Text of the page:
college countdown: your college success starts here

What Is Financial Aid?

The 7 Most Common FAFSA Mistakes and How to Avoid Them

If you find the FAFSA a little confusing the first time you file it, you’re not alone. In fact, according to a recent Sallie Mae study, 1 in 5 families find the FAFSA challenging to complete.1

But since the FAFSA determines what financial aid your family is eligible for, it’s very important that you fill everything out accurately. You don’t want to have to go back after the fact and update any errors—doing so could delay or otherwise impact your financial aid awards from colleges.

When you’re filling out the FAFSA, be sure to avoid the following common mistakes.

1. Listing non-working income (i.e. social security income) in the untaxed income category.

If your non-working income already shows up as a part of adjusted gross income, you don’t need to list it twice. Untaxed income and adjusted gross income are added together to arrive at total income. If you list non-working income in the untaxed income category, you will increase your EFC (expected family contribution) number, which could in turn decrease your family’s eligibility for financial aid programs.

2. Listing the equity of your home or the value of retirement plans as an asset.

The equity of your home and the value of any retirement plan should never be included as an asset. If you own a second home or other real estate, however, you do have to include it as part of the total net worth of your investments—only the equity of the home you live in is exempt from being as asset on the FAFSA.

3. Listing your student’s college savings as a student asset instead of a parent asset.

For the current FAFSA, college savings accounts should be listed as a parent asset. Listing college savings as a parent asset will decrease your EFC.

4. Not including all members of a household

When listing members in a household, anyone who lives in the parents’ household and receives more than 50 percent support from them, such as grandparents or older siblings, should be included.

5. Listing parent income in the student income line item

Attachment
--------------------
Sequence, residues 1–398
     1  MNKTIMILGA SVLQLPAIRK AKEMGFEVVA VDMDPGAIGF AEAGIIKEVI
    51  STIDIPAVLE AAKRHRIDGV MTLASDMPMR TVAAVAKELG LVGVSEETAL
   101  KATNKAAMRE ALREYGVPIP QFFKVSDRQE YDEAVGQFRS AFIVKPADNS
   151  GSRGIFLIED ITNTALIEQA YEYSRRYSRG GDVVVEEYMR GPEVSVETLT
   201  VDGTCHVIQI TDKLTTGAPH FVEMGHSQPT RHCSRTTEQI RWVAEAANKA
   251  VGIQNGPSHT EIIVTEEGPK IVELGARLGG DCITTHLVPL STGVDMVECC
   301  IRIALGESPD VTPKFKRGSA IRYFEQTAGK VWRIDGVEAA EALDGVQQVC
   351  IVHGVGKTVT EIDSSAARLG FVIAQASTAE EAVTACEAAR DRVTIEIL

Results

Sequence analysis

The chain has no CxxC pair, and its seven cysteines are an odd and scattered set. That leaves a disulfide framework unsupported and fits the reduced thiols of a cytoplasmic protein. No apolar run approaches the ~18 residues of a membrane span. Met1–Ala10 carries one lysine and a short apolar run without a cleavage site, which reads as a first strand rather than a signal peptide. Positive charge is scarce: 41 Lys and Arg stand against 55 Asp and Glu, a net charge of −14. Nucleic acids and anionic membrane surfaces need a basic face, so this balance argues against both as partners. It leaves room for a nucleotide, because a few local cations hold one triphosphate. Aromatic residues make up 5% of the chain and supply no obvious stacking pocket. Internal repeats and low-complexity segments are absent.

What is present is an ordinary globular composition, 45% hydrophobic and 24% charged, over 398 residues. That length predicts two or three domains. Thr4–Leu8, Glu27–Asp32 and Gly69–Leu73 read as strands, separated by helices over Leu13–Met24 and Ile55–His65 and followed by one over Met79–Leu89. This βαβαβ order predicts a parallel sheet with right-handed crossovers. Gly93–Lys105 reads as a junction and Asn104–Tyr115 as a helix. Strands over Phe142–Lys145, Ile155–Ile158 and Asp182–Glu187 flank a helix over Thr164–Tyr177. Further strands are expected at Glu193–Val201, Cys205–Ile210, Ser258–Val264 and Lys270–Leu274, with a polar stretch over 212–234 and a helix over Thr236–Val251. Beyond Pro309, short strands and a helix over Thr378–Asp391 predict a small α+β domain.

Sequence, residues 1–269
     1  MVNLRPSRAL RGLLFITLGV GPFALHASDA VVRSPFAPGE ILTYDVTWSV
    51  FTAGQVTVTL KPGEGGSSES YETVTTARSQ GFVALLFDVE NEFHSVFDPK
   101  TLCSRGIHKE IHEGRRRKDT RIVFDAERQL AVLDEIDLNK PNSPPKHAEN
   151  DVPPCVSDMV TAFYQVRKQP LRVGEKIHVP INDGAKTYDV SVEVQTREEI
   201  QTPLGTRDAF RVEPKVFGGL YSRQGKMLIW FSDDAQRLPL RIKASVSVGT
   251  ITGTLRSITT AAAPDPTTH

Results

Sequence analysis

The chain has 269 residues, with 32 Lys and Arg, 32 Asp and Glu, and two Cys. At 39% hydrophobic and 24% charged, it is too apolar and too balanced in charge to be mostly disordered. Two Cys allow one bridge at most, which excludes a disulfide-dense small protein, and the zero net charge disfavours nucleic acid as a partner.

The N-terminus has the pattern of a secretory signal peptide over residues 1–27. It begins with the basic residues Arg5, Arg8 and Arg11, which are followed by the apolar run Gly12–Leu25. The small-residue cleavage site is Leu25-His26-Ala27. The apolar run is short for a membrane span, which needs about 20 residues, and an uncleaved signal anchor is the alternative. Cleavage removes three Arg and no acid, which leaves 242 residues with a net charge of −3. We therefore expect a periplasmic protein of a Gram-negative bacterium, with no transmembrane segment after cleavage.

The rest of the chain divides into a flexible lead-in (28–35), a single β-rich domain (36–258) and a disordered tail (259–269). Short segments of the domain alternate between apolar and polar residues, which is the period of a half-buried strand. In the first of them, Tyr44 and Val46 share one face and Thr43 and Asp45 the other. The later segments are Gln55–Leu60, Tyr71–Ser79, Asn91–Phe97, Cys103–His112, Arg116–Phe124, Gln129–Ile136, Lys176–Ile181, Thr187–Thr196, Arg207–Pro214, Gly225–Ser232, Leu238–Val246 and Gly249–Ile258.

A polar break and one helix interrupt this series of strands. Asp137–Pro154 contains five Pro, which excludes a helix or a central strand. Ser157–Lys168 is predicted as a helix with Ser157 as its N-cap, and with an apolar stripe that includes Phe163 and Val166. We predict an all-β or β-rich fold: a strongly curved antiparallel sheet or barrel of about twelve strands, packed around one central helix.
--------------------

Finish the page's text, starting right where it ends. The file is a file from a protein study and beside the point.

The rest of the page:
While this seems like an obvious mistake to avoid, it’s easy to glance through the form and accidentally write numbers in the wrong place. Be sure to double-check your FAFSA to make sure the numbers are in the correct places.

6. Including a parent who should not be included

A student’s parents may be his or her biological parents, stepparents, or adoptive parents. Grandparents and legal guardians should not be included as parents.

Filing the FAFSA for a divorced family can be a little confusing. Only the parent and/or stepparent with whom the student resides most of the time (i.e., for more than six out of the last twelve months) should be included. The other parent’s financial information should not be provided, and that parent should not file a separate FAFSA, even if he or she intends to contribute to the student’s education financially. Divorce decrees or tax return exemptions are not involved in this decision.

In a two-parent household, whether it’s two biological parents or a biological parent and a stepparent, both parents’ financial information should be included in the FAFSA.

7. Waiting to complete the FAFSA until you file your taxes in April

If you plan to file your federal income taxes after mid-February, you should complete your FAFSA as soon as possible after January 1, using your best possible estimates. Then, after you’ve completed your taxes, you can update your Student Aid Report (SAR) with your actual tax information. You don’t want to wait too long to file your FAFSA. If you plan to file your taxes before mid-February, you should file your taxes first and then complete the FAFSA.

Need more help with the FAFSA? Check out the video: How to Fill Out the FAFSA Application for 2014–2015 by Frank Palmasani for a line-by-line explanation of the FAFSA.


 About the Author

Frank Palmasani has helped families work through the college financial aid system for more than 30 years. He is committed to helping all families create a plan for finding the right colleges, without taking on mountains of debt.

Frank Palmasani is the creator of the Financial Fit® program and the author of Right College, Right Price.


1. “How America Pays for College 2012.” Sallie Mae. July 2012.